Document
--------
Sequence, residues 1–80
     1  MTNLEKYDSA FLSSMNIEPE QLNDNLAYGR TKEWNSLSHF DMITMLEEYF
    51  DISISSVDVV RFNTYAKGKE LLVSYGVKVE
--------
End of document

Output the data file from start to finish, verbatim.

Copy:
Sequence, residues 1–80
     1  MTNLEKYDSA FLSSMNIEPE QLNDNLAYGR TKEWNSLSHF DMITMLEEYF
    51  DISISSVDVV RFNTYAKGKE LLVSYGVKVE